Admittedly public legal education is a unknown territory for me as I worked in a law firm library. But being an information person, all areas that touch upon law interest me. Lois Gander of the Centre for Public Legal Education in Alberta describes it as:
Deeply rooted in the access to justice movement in Canada, public legal education plays a critical role in ensuring that our laws and legal processes serve the needs of everyone, not just a privileged few.
There is both an advocacy role for marginalized groups, as well as the aspect of dissemination of information to the lay person in order to navigate the legal system. The law affects us from birth to death, and hopefully you and I will always be on the right side of it. When I was born, my birth was registered with provincial Vital Statistics department as per the law. Then my parents got a birth certificate. But my mom does not have such a document as she was born in a different country with different laws. And there are many other mundane examples from there.
A shout out to Shaunna Mireau for connecting with the Centre for Public Legal Education in Alberta, and there is a current job posting for the Executive Director. In Saskatchewan, there are some general resources and teaching resources for elementary and high school students.
Just recently I talked about different landlord tenant situation in different provinces casually with a friend. My sense is that this is a huge and growing area as people come into conflict or just need help navigating the system. As an optimist, I wish the new Director in Alberta the best of luck. New beginnings are an exciting adventure.
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Some time ago I read this article, “How Reframing a Problem Unlocks Innovation“, an adapted excerpt written by Tina Seelig from her book, InGenius (HarperOne). I was struck by how relevant it was to libraries, and well, everything.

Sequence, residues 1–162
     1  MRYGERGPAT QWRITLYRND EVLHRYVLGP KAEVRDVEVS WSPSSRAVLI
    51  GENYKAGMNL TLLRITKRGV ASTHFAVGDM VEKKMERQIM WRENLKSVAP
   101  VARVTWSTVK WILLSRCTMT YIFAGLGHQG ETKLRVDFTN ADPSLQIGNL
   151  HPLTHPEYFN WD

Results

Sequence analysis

I’m always looking at ways to “reframe a problem”. I like the way she phrases that
Mastering the ability to reframe problems is an important tool for increasing your imagination.
I tend to think that I have no imagination, but it’s lurking there, underneath my fear of failure. Thinking of situations from the point of view of the other person is invaluable in getting to a solution. Getting outside your comfort zone is another way to achieve this.
One of the first steps in creating a marketing plan is to think about who you are trying to reach. What type of language do you want to use, what form of media? All of these depend on who your target market is. Working in a law library my clients are intelligent, but time challenged. They want to know right off the bat how something is going to help them do their work more efficiently. My job is to help them reframe from thinking that training is a waste of time into thinking that if they spend a half hour now, they’ll save a half hour every day.
How are you reframing the problem in your life or work?
Filed under: Learning, Marketing |
This month Ted Tjaden is leaving our library team. He is the National Director but he is so much more. He has inspired and mentored many librarians. His door is always open to talk about knowledge management or library trends to others.
My first experience with Ted was by reputation, when he was promoting his legal research book in Victoria in the 1990s. I was new to law libraries and the microcosm of law firms as well. A lot has changed since then but passion, enthusiasm, insight that Ted shares generously with others is still constant.
Ted was a practicing lawyer and a crackerjack legal researcher. He set a service standard at McMillan. He makes research fun and sometimes it’s a bit of a treasure hunt. He has faith that you can push yourself a bit harder and find that obscure article. You learn and grow as a result. You learn that pushing boundaries is scary, exciting, thrilling and you come out on the other side with new skills and strengths.
Also at this time I asked Ted to look back at highlights of how legal information and law libraries has changed in the past 6 years. Increasingly he sees an integrated approach with knowledge management, library research, records management, and e-discovery. It makes sense for a unified and coordinated approach in a large company, as it is all internal and external information that funnels into legal solutions. This umbrella approach may be known as information governance.